Israel’s Supreme Court on Monday rejected a petition by Mordechai Vanunu, who was convicted of revealing Israel’s nuclear secrets, to remove the injunction prohibiting him from leaving the country and contacting foreign citizens.
Vanunu was convicted of treason, aggravated espionage, and the collection of secret information with the intent to impair state security for revealing details of Israel’s alleged nuclear weapons program to the British press in 1986. He was sentenced to 18 years in prison.
Since his release in 2004, Vanunu has been under restrictions to ensure he does not further harm Israeli security by revealing more state secrets. Restrictions against him include a prohibition on leaving the country, a duty to report to police before changing residence and a prohibition on contacting foreign nationals or residents.
This latest petition was one of several that Vanunu had made against the restrictions imposed on him since he was released in 2004. He has also disobeyed the restrictions against him repeatedly.
In his appeal, Vanunu claimed that the restrictions contradict Israel’s Basic Law of Human Dignity and Liberty, as they disproportionately violate his constitutional rights for privacy, freedom of expression, freedom of movement and freedom of religion.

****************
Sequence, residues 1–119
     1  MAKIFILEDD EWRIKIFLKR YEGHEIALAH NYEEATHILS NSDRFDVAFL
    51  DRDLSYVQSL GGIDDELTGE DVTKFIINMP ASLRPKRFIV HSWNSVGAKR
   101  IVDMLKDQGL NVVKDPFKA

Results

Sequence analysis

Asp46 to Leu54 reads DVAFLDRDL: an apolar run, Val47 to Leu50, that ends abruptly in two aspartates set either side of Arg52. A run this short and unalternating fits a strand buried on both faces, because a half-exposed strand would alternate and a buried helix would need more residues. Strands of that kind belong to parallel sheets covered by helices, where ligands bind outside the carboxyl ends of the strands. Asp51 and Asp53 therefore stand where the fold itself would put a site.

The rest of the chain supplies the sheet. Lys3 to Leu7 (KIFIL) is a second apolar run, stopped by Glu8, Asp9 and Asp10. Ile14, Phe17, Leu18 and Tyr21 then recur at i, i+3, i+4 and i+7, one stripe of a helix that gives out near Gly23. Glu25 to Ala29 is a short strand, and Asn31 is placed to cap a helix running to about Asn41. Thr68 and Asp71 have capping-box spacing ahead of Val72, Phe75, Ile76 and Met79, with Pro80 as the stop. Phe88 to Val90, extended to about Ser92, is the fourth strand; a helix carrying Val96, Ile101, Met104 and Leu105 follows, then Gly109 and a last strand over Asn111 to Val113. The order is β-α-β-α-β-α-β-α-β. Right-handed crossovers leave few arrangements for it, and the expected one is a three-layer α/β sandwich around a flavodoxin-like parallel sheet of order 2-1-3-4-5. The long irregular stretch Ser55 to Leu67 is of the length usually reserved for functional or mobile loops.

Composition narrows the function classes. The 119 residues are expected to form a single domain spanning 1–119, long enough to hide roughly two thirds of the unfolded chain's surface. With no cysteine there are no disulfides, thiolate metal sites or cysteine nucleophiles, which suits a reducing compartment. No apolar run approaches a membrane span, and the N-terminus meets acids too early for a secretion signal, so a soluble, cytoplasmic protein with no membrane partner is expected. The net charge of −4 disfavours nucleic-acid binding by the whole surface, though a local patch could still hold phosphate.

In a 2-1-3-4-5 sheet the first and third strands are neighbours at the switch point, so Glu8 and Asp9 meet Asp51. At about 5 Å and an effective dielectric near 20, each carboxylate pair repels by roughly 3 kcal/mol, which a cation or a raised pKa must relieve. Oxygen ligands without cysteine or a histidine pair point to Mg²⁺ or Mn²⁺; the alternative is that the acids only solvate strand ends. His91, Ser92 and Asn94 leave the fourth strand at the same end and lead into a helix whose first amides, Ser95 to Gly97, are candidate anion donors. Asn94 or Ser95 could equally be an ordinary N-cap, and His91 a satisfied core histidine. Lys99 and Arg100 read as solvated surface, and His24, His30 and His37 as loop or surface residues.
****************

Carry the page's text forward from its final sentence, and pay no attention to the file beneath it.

He also claimed that the restrictions have become more stringent over time, despite his level of danger declining, as the information he obtains is now 34 years old.
The state responded by saying that there is a high level of probability that if the restrictions are removed, Vanunu will act to reveal relevant confidential information he has memorized, thereby severely damaging Israel’s security.
The state has pointed to a number of Facebook posts published by Vanunu which indicate his explicit intention to expose the information he holds, which he has yet to reveal.
Judge Noam Solberg, one of the three judges on the panel, accepted the state’s position and said that Vanunu holds sensitive information that has not yet been released and may pose considerable danger to state security if published.
“The accumulative evidence presented by the respondents indicates Vanunu’s desire to publish the information he holds and raises a deep concern that in the absence of restrictions – he will do so,” Solberg said.
The judges did, however, ask the state representatives to “continue to try and find ways in which Vanunu can be relieved within the country without increasing the danger posed by him.”